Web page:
• On games with skill-based bonuses, skilled players will do better than unskilled players, but do not have an edge on the house.
  • Perceived skill games involve real skill in game play, but credit awards are random, so unskilled players will get about the same paybacks as the skilled.



  1. What kinds of prizes can you win on bonus wheels?
  2. When wedges on a bonus wheel are of equal size, are all results equally likely?
  3. What is a pick’em bonus?
  4. True or false: The random number generator determines your prize in a pick’em bonus, and your picks are just for show.
  5. Free spin bonuses: A. Makes extra-large wins possible even for penny players; B. Enable you to play for long periods without betting, especially if the free spins can be retriggered during the bonus; C. Add volatility because large wins are offset by rounds of small or zero wins; D. All of the above. E. None of the above.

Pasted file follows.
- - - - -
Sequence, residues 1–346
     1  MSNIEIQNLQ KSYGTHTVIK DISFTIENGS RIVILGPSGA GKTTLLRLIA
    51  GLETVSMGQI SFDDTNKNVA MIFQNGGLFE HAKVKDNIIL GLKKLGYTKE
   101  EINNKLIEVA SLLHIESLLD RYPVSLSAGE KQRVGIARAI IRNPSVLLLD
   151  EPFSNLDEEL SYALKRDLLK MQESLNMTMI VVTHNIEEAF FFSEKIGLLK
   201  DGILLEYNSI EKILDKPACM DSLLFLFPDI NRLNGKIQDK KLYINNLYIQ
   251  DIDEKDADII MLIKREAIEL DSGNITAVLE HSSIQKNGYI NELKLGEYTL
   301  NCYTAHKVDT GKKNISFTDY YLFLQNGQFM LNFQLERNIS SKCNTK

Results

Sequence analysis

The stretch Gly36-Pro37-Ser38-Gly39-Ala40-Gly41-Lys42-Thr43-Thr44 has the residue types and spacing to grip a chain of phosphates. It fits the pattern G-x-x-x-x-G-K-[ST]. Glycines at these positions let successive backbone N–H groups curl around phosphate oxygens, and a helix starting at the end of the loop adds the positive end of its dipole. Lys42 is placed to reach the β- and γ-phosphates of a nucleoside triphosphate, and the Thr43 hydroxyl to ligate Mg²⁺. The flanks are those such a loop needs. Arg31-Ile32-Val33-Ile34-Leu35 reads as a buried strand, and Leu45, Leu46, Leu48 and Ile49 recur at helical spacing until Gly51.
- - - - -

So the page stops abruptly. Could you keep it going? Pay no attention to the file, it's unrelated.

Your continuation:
6. Name some extras gamemakers use to add interest to free spins beyond the game on the main reels.
  7. What causes mystery bonuses to launch?
  8. What’s the difference between a skill-based bonus and a perceived-skill bonus?
  9. True or false: Community-style slot machines were invented after video slots rose to popularity.
  10. On win-together games, do players always win the same amount of credits?


  1. On bonus wheels, you can win credits, multipliers or launch other bonus events, though not all games have all those possibilities.
  2. A wheel divided into equal-sized wedges does not necessarily give each wedge an equal chance of being the winner. A random number generator determines the winner, and some wedges can be assigned more random numbers than others.